Preqin’s Hedge Fund Analyst online service currently tracks 142 prime brokerage firms which service a combined 5,222 hedge funds. Many of these hedge funds rely on the largest prime brokers in the industry to service their funds. In fact, the six largest prime brokerage firms by market share (Goldman Sachs, Morgan Stanley Prime Brokerage, J.P. Morgan, Credit Suisse Prime Fund Services, UBS Prime Services and Deutsche Bank Global Prime Finance) account for just over 70% of the total coverage for the industry.
In comparison, 24% of CTAs tracked by Preqin list Newedge Prime Brokerage Group as their prime broker, but no other prime brokerage firm represents more than 8% of the CTA industry. Eight different firms service between 5% and 8% of the represented CTAs, these are mostly large investment banks, although Interactive Brokers, an online discount brokerage firm, breaks the stronghold of investment banks. Together Newedge and Interactive Brokers represent nearly 30% of the market share for CTAs, demonstrating a market for prime brokers who cater specifically to the needs of CTAs.
Continuing on the idea of fund size in relation to fund prime broker, one of the clearest examples of this relationship is in the number of prime brokers employed by a fund. Using multiple prime brokers diversifies the fund’s counterparty risk, but also subjects it to increased cost. For this reason, we see a trend where the larger funds tend to employ more prime brokers, while the smaller funds tend to stick with only one or two prime brokers. In total, 55% of hedge funds tracked by Preqin employ a single prime broker, with these funds having average assets under management of $198mn. Twenty-six percent of funds tracked use two prime brokers, 11% use three prime brokers and the remaining 8% use four or more prime brokers. Unsurprisingly, on average these funds are all larger than the funds that use a single prime broker, averaging $388mn, $887mn and $1798mn in assets under management respectively.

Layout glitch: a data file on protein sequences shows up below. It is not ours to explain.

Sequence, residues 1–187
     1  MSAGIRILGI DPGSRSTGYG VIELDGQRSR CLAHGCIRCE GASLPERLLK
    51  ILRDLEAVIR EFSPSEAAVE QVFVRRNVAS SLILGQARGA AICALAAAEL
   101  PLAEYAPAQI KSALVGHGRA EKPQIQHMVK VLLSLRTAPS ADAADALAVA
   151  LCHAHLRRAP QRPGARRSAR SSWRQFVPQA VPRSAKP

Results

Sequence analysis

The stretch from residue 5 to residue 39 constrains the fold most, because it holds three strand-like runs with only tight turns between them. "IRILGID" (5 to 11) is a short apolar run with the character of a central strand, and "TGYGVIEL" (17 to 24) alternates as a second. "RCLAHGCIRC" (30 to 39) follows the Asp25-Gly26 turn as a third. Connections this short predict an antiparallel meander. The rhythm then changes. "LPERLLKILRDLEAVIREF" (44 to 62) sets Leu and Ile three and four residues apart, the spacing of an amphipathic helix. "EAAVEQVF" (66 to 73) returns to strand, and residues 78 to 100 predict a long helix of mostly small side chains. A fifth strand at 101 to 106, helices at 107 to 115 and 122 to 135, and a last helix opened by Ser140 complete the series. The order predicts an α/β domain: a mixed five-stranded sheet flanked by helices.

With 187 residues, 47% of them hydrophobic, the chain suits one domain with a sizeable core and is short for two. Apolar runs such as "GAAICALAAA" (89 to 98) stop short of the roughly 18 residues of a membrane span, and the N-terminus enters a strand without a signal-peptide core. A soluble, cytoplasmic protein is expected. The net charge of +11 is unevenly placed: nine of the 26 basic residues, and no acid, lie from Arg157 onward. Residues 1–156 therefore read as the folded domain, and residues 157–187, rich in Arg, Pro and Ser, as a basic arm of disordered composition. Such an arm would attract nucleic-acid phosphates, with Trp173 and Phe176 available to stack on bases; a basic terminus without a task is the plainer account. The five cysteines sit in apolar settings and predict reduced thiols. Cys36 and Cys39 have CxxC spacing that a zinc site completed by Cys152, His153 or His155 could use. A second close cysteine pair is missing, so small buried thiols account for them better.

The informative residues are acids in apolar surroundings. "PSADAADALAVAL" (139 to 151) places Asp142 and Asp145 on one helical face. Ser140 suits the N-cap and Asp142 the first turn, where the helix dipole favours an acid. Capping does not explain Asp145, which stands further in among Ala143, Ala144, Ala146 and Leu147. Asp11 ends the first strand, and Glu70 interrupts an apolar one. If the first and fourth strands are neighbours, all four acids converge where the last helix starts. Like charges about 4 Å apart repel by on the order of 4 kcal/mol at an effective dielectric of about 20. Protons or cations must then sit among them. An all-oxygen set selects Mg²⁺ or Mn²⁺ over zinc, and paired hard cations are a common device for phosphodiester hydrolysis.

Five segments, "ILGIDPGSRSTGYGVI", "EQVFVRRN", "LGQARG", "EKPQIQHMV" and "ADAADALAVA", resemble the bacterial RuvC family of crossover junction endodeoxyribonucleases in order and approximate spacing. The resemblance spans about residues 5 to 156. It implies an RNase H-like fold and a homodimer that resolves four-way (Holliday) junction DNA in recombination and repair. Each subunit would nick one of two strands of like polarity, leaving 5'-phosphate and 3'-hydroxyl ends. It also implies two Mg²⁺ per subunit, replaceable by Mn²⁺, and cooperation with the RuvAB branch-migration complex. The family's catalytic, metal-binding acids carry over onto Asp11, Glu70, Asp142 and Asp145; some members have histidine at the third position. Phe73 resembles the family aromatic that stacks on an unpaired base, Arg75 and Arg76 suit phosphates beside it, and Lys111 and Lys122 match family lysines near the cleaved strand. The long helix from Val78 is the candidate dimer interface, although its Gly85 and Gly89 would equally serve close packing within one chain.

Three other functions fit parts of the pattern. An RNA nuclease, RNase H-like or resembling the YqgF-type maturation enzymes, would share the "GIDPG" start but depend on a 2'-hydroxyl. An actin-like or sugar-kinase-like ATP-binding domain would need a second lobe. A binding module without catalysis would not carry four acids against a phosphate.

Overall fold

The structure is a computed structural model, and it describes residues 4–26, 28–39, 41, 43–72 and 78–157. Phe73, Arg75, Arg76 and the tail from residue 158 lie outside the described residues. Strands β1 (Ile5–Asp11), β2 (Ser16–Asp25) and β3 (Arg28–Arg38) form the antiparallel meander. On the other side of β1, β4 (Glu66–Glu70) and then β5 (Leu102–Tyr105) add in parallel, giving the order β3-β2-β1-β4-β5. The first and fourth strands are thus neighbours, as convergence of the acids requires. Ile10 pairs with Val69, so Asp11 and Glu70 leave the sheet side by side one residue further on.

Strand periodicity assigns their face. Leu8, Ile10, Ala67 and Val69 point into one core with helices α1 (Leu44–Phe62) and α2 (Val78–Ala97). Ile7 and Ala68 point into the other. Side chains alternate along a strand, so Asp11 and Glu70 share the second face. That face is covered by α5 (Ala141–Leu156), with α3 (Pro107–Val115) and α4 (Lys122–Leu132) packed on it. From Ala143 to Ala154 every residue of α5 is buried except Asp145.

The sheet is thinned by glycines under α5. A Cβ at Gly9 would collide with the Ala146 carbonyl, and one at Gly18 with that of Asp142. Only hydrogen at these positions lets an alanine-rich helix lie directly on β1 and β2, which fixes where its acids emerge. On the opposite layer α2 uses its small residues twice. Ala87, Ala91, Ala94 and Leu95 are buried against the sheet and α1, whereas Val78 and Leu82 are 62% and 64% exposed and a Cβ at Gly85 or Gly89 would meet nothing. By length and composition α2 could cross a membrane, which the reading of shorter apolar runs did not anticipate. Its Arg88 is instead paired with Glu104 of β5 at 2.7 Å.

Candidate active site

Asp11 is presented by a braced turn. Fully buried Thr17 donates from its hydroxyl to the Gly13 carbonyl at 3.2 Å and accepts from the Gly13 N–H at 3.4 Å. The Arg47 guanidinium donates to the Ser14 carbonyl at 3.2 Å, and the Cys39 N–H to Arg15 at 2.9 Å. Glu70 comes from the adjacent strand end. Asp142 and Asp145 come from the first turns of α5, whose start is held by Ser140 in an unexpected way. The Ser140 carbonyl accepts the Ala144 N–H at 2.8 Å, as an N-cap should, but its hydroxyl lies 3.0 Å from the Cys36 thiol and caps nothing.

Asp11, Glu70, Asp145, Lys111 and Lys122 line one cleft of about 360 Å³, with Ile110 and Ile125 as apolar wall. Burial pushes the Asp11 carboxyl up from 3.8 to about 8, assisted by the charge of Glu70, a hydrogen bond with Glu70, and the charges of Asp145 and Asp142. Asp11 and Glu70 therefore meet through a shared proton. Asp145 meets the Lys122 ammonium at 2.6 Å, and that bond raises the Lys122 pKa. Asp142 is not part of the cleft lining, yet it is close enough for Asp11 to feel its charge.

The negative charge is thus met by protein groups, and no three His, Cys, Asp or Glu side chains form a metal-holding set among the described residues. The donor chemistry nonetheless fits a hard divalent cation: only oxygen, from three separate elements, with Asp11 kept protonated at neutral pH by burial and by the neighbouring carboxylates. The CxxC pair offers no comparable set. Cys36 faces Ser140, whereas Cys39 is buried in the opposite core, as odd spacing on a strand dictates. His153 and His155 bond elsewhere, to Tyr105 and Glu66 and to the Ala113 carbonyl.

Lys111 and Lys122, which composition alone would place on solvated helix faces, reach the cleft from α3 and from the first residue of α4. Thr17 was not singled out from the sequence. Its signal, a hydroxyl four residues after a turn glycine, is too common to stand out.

In the Preqin Special Report: Hedge Fund Service Providers, over 100 hedge fund managers were surveyed on whether or not they had changed prime brokers in the past 12 months and why. The results of this survey showed that 53% of managers surveyed had changed prime brokers in the last 12 months, narrowly trailing fund administrators as the highest service provider turnover. The top three reasons for switching service providers, in order, were: cost, dissatisfaction at quality of service and growth in firm assets under management. These results reflect the weight that fund managers put on choosing a service provider, and the high turnover points to a volatile industry in terms of market share.
Choosing the right prime broker is essential to ensure that the trades entered by a fund are executed efficiently and along with the other service providers it enables the fund to operate at its peak abilities. The importance of the prime broker is evident in the turnover and in depth selection process that occurs within the hedge fund industry. As we enter the second half of 2014, we will look to see if the major investment banks continue to dominate the industry, or if more specialized prime brokers emerge.